The Right to information Act 2009 (RTI Act) allows people to access information held by government agencies.1 This right of access is subject to some limitations which include the exempt information provisions in Schedule 3 of the RTI Act.
What information does the CCC exemption apply to?
The CCC exemption applies to all information which was obtained, used or prepared by the CCC, or another agency, as part of an investigation relating to the CCC’s prescribed functions, ie crime, intelligence and/or corruption.3
The words ‘obtained, used or prepared’ will cover most information relating to the investigation. If the CCC created it, acquired it, considered it or in any way put the information to use in the investigation, the CCC exemption will apply to it.
What do the CCC’s functions cover4?
The CCC’s crime functions relate to the investigation of major crime which has been referred to it. The CCC’s intelligence functions relate to conducting intelligence activities to support its other functions and collecting and analysing intelligence data.
The CCC’s corruption functions only relate to investigations into serious and systemic corruption. The CCC’s corruption functions also specifically involve conducting or monitoring investigations into allegations of police misconduct.
What if the CCC asks the agency involved to carry out the investigation?
Sometimes when an agency reports a matter/complaint to the CCC, the CCC will refer the matter back to the agency to investigate under the authority of the CCC. Any information obtained, used, or prepared by the agency as part of the investigation will also be exempt under the CCC exemption.5
Will I be able to access this information as part of my RTI application?
It is unlikely that you will be able to access the information. You will not be able to access it if the investigation is not finalised, and in most other cases the information will be exempt from release.
The exempt information provisions in the RTI Act set out the information Parliament has already decided it is contrary to the public interest to release. This includes information that falls into the CCC exemption.
The decision maker cannot take any reasons you may have for wanting access to the information into account. This is because the public interest factors cannot be considered in relation to information which is exempt. For more information refer to What is Exempt Information and What is the Public Interest.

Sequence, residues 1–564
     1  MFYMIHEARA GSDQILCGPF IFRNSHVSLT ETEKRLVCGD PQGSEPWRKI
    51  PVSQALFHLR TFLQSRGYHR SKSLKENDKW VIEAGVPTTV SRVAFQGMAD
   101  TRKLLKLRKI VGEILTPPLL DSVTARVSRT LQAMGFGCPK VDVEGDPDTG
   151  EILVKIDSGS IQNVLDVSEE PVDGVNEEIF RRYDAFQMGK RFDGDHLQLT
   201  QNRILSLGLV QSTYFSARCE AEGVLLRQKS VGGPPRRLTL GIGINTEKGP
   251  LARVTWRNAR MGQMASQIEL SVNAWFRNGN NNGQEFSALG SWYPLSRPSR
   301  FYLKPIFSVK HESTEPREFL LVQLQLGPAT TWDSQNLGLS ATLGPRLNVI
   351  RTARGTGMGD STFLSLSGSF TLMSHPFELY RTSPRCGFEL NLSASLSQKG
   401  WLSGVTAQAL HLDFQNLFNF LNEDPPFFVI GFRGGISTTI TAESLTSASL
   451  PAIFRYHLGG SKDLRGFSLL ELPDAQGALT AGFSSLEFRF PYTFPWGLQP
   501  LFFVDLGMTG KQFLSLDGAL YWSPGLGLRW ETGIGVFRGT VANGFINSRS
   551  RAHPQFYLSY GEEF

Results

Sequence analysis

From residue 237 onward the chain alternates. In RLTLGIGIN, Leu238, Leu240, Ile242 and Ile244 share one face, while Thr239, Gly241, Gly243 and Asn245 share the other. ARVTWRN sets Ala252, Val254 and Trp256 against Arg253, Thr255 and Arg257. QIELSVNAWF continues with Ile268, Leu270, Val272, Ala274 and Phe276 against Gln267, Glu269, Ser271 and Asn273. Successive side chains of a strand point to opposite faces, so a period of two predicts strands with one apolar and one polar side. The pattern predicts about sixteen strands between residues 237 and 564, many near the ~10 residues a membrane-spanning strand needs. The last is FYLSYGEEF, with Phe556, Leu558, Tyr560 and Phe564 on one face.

The Office of the Information Commissioner (OIC) has no power on external review to require the release of information that it has determined is exempt information.
Can I ever access this information?
There is an exception to the CCC exemption.6 It only applies once the investigation is finalised to information about the applicant. Whether information is about the applicant is a question of fact determined by the decision maker.7
This means if you were the subject of the complaint, you may be able to access some of information once the CCC investigation is finalised. However, if you made a complaint that resulted in a CCC investigation, or you were involved in the investigation, for example as a witness, the exception is highly unlikely to apply.8
Even if the exception applies, the agency decision maker is still required to consider any other relevant exempt information provisions and the public interest factors. This means you may be refused access to the information even if it is about you.
- 1 Chapter 3 of the Information Privacy Act 2009 also allows an individual to access their personal information. In this information sheet references to an ‘agency’ include Ministers, unless otherwise specified.
- 2 Schedule 3, section 10(4)
- 3 RTI Act, Schedule 3, section 10(9)
- 4 The Crime and Corruption Act 2001, sections 25, 33 and 53.
- 5 3RS8NM and Queensland Health  QICmr (13 January 2017).
- 6 RTI Act Schedule 3, section 10(6). This is referred to as the exception to the CCC exempt information provision.
- 7 Darlington v Office of The Information Commissioner & Queensland Police Service  QCATA 167
- 8 Cronin and Crime and Corruption Commission  QICmr 13 6 April 2017.
Current as at: April 14, 2021